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Division with Roman Numerals

Date: 03/02/2004 at 15:38:58
From: Trish
Subject: Division using Greek, Roman or Egyptian

I'm having real problems trying to divide using a non place system.  I
can think in the Hindu place system, but the concept of using letters
rather than numbers is confusing me.  Can you please give me an
example of a division calculation?



Date: 03/02/2004 at 16:55:13
From: Doctor Peterson
Subject: Re: Division using Greek, Roman or Egyptian

Hi, Trish.

There is a demonstration of addition and subtraction in our FAQ:

  Roman numerals
    http://mathforum.org/dr.math/faq/faq.roman.html 

That also points out that the Romans and others probably wouldn't have 
bothered doing arithmetic with their numerals in the sense we think of 
doing it; they would put the number on an abacus and use that.

The Egyptians did multiplication and division using a method of 
doubling and halving, which is described here:

  Egyptian Method of Multiplication
    http://mathforum.org/library/drmath/view/57542.html 

  Egyptian Division
    http://mathforum.org/library/drmath/view/57574.html 

  Egyptian Division, Shelley Walsh
    http://faculty.ed.umuc.edu/~swalsh/Math%20Articles/EgyptDivide.html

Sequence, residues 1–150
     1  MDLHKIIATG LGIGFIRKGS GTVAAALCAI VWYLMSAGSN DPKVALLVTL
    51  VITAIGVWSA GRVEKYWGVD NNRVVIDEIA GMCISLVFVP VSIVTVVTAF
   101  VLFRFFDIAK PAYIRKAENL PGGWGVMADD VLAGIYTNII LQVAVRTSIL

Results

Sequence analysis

That method didn't require memorizing multiplication tables (which 
would have to be different from one place to another).  Actually, the 
idea that one could memorize such tables was considered preposterous, 
at least for most people, long after Hindu-Arabic numerals became 
popular.

Each operation can in principle be done in any numeral system by 
thinking in terms of place value.  For example, to add CIV and CCXCII, 
you would arrange each number in columns (as on an abacus, or in a 
place-value system) and add the columns:

     C    IV
  + CC XC II
  ----------
   CCC XC VI

I can see why division would be the hardest to do this way; estimating 
a quotient requires some sort of familiarity with multiplication 
tables.  Probably anything reasonable you do will amount to either 
translating (bit by bit) into Hindu-Arabic, or thinking in terms of an 
abacus, or using the Egyptian method.  We could try to demonstrate 
several such techniques, but you get the idea: if you want to do as 
the Romans did, you won't bother!

I'll just try the Egyptian division using Roman numerals, since you 
asked for a sample.  Here is 153 / 9, as in the link above:

      I  |  IX   *      C  L III       X  VI
     II  |  XVIII      -C XL IV       +    I
     IV  |  XXXVI      ---------      ------
   VIII  |  LXXII            IX        X VII
    XVI  |  CXLIV*

I doubled starting at I and at IX until the next doubling would take 
me past CLIII; then subtracted each number in the second column that 
I could, marking those I used with *; then added the corresponding 
numbers in the first column to get my answer, XVII.

If you have any further questions, feel free to write back.

- Doctor Peterson, The Math Forum
  http://mathforum.org/dr.math/ 
Associated Topics:
Elementary Division
Elementary Math History/Biography
Middle School Division
Middle School History/Biography

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